A federal accountability law, the Every Student Succeeds Act, requires these new ratings.

To complicate matters, the city and state ratings are each based on different underlying metrics and even a different set of standardized tests. The state ratings, for example, are based on a modified version of the PARCC assessment, while Chicago ratings are based largely on the NWEA. The new state ratings, like those the school district issues, can be given out without observers ever having visited a classroom, which is why critics argue that the approach lacks the qualitative metrics necessary to assess the learning, teaching, and leadership at individual schools.

Patricia Brekke, principal at Back of the Yards College Preparatory High School, said she’s still waiting to see how the ratings will be used, “and how that matters for us,” but that parents at her school aren’t necessarily focused on what the state says.

“What our parents usually want to know is what [Chicago Public Schools] says about us, and how we’re doing in comparison to other schools nearby that their children are interested in,” she said.

Educators at Chicago Public Schools understand the power of school quality ratings.  The district already has its own five-tiered rating system: Level 1+ and Level 1 designate the highest performing schools, Level 2+ and Level 2 describe for average and below average performing schools, respectively, and Level 3, the lowest performance rating, is for schools in need of “intensive intervention.” The ratings help parents decide where to enroll their children, and are supposed to signal to the district that the school needs more support. But the ratings are also the source of angst — used to justify replacing school leaders, closing schools, or opening new schools in neighborhoods where options are deemed inadequate.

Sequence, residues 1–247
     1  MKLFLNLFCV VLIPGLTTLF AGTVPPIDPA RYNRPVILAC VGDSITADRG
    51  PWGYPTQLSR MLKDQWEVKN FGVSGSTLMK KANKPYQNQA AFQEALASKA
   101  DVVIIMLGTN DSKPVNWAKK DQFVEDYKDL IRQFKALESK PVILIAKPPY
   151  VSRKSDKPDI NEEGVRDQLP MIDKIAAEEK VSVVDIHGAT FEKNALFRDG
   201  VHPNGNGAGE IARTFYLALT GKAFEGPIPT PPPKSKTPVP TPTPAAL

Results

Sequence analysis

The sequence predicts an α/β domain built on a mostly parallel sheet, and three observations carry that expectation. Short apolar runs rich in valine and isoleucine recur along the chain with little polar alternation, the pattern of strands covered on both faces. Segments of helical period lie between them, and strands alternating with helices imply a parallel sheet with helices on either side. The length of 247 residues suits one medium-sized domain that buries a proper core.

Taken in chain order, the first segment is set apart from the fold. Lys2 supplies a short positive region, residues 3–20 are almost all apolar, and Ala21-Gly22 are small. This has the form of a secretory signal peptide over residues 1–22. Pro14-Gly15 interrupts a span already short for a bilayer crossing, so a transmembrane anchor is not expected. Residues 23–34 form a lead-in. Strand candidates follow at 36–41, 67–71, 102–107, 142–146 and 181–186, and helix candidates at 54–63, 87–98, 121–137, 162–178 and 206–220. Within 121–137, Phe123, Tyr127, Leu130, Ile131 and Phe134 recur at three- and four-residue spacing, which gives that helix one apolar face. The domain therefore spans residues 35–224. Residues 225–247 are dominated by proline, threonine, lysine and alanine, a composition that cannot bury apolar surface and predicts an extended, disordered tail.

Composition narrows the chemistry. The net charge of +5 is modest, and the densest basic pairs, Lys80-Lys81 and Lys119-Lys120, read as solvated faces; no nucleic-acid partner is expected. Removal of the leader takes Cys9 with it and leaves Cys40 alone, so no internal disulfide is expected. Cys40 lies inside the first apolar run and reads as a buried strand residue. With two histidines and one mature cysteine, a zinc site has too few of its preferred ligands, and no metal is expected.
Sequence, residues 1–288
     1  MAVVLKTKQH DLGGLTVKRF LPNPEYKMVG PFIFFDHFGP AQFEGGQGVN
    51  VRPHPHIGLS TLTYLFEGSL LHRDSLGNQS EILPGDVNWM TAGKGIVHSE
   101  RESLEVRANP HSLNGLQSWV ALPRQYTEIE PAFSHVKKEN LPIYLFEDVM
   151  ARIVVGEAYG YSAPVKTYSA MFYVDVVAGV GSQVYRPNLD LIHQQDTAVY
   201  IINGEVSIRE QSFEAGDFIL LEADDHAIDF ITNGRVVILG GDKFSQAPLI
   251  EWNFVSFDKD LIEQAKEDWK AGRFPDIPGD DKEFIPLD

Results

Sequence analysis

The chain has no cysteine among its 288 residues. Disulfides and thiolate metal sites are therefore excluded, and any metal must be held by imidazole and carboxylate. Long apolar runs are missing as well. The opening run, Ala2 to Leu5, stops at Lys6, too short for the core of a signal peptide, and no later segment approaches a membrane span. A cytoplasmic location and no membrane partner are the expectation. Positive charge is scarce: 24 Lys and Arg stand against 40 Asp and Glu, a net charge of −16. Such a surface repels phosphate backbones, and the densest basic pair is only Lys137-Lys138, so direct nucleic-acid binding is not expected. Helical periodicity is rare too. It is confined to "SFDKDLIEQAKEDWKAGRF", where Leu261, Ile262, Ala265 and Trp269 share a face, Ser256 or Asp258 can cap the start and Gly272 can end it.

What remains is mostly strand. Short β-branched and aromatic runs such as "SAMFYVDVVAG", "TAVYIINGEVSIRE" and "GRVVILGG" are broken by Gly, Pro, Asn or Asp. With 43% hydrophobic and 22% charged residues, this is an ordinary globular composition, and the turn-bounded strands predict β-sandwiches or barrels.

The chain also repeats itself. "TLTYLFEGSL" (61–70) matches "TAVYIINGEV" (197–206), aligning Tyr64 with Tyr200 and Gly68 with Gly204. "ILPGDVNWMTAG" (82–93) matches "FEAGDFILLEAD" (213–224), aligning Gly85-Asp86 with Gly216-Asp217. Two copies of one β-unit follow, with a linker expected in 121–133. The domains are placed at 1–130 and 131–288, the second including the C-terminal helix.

In contrast, the state’s school quality designations actually target underperforming and lowest-performing schools with additional federal funding and support with the goal of improving student outcomes. Matthews said schools will work with “school support managers” from the state to do a self-inquiry and identify areas for improvement. She described Chicago’s school quality rating system as “a local dashboard that they have developed to communicate with their communities.”

Staff from the Illinois State Board of Education will be traveling around the state next week to meet with district leaders and principals to discuss the new accountability system, including the ratings. They’ll be in Bloomington, Marion, O’Fallon, Chicago, and Melrose Park. The Chicago meeting is Wednesday, Oct. 24, at 5 p.m. at Chicago Public Schools headquarters.

Rae Clementz, director of assessment and accountability at the state board said that a second set of ratings reveals “that there are multiple valid ways to look at school quality and success; it’s a richer picture.”

Under auspices of the Every Student Succeeds Act, the state school report cards released at the end of the month for elementary schools are 75 percent based on academics, including English language arts and math test scores, English learner progress as measured by the ACCESS test, and academic growth. The other 25 percent reflects the school climate and success, such as attendance and chronic absenteeism.